10 reasons why you should usa story points

Published 25 Sep 2020
by Jasmin Iordanidis, Product Marketing Manager


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Why story point estimation?

There’s many good reasons why so many scrum and agile teams are adopting story points.

1. Fast estimation

User story points allow you to quickly estimate the work involved in each item on your backlog, and how much work you can get done in a sprint or release.

2. Build consensus and collaboration

If one team member estimates 5 story points, but another estimates 12, it's an opportunity for the team to discuss what work is involved.

One person may have a more efficient way of doing things, or the other person may have a better understanding of the steps involved in doing the work. This discussion will help them share ideas, create common understanding, build consensus, and create a more accurate estimation.

Compare this to estimating time. If you asked each team member to estimate the amount of time involved in a task, you’ll get 5+ different answers. Timing depends on experience and understanding. But most team members will agree on the effort required to complete a story, which means you can reach consensus and move on with your story mapping or sprint planning much more quickly.

Man says “Trust me. It works.”

3. No artificial deadlines

Estimating time instead of story points forces you to come up with an artificial deadline, which can create unnecessary pressure (and probably won't be all that accurate).

Story points more accurately and practically reflect reality. In most cases, there is no set deadline - only ensuring tasks are done efficiently and in the right order of prioritization.

4. Better planning and forecasting

Story points can help you plan better in advance. For example, if you know that Johnny is going on holidays for a week, you can adjust your sprint so that your team doesn't over-commit. Or you can find another way to increase your capacity, like bringing on another team member or reducing scope.

5. Zoom in on the details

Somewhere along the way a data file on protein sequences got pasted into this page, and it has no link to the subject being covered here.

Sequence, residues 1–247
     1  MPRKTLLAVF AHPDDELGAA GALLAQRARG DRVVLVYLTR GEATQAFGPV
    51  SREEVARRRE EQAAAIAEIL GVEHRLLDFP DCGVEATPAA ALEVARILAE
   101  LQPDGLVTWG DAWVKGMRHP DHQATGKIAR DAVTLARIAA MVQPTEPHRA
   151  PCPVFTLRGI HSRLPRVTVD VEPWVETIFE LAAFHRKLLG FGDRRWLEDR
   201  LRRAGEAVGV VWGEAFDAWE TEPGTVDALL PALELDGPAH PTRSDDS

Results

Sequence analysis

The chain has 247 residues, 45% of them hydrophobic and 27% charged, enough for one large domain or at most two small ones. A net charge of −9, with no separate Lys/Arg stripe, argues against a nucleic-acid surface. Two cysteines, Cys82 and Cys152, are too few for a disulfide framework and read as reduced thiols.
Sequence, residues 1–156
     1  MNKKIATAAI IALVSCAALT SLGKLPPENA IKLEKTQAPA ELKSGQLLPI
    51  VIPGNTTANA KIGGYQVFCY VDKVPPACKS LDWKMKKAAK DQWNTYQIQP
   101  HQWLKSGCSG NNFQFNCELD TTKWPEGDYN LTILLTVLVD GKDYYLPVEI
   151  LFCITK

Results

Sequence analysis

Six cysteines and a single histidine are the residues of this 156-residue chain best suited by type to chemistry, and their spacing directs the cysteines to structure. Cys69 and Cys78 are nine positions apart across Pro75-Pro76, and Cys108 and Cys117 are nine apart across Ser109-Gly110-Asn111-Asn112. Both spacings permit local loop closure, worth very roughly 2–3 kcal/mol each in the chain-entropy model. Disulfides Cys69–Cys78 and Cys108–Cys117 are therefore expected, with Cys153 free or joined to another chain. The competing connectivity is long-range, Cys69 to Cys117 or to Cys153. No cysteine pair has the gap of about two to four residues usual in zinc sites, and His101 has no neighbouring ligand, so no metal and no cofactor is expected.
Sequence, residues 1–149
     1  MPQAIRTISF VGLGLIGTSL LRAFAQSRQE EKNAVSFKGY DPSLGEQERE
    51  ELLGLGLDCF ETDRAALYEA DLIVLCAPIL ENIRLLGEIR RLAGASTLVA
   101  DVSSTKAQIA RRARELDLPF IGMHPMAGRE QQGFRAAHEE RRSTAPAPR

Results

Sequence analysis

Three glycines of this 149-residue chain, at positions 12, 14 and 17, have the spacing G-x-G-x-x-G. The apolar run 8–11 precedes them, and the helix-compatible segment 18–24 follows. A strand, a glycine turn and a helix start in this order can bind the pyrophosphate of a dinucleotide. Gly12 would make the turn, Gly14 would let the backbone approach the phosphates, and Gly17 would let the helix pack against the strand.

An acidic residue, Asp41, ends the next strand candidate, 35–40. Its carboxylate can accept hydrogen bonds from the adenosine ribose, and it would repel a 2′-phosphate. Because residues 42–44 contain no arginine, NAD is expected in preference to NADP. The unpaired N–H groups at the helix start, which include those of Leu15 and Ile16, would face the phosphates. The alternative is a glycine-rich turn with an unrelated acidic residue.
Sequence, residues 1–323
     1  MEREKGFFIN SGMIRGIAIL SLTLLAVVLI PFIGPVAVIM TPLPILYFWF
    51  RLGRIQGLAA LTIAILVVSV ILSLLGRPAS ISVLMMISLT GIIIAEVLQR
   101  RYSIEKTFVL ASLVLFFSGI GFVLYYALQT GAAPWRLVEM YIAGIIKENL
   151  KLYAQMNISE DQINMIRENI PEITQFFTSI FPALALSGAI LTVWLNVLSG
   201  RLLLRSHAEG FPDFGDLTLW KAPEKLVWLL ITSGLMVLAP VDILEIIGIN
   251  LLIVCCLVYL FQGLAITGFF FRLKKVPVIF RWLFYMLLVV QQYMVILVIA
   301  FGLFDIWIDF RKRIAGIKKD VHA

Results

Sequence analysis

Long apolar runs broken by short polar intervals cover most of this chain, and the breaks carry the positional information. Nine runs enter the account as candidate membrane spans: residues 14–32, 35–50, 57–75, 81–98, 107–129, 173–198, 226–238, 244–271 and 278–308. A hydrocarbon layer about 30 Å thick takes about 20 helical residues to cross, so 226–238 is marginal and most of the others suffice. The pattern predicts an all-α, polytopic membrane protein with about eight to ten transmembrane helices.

Story points force your team to think through the work involved in an upcoming sprint, and consider what's realistic. It's a time for your details oriented team members to shine - and time for your big picture thinkers to understand what needs to happen to bring their plans to life.

6. Get commitment

When your team knows they can achieve what's planned and they’re confident in their velocity, it's easier to get them to commit to the work and follow through confidently.

7. Be more adaptable

If the team size changes (maybe you add a new member or someone moves to another role), you have a built-in system to update your velocity (i.e. how many stories you can complete in a sprint) and adapt your workload accordingly.

8. Be just accurate enough

Story points help you estimate what your team can get done in a given amount of time. This kind of accuracy means smoother releases that go to plan - and is especially valuable when you have multiple teams with multiple dependencies.

But at the same time, story pointing makes it clear that your work is only an estimation, and you're not committing to get X done in Y amount of hours. You won't know how long something will take until you do it - there are nearly always unexpected things that pop up.

Other methods might give you more precise timing, but it’s not practical to spend 30-minutes discussing the work that goes into every single story on your backlog. It’s much more practical to assign an “accurate enough” number, plan your sprint, and get to work.

9. Better capacity planning

You might not be able to fit all your top priorities into a release, especially if they’re complex, risky, or time-consuming. But story points can help you easily identify one or two smaller stories to fill your capacity every sprint or release.

Using story points also encourages you to find ways to increase your team’s capacity (rather than working longer hours). If you can mitigate risk, find ways to reduce effort, and bring the right people in the room to make complex tasks more simple… you’ll be able to get through more stories, more quickly.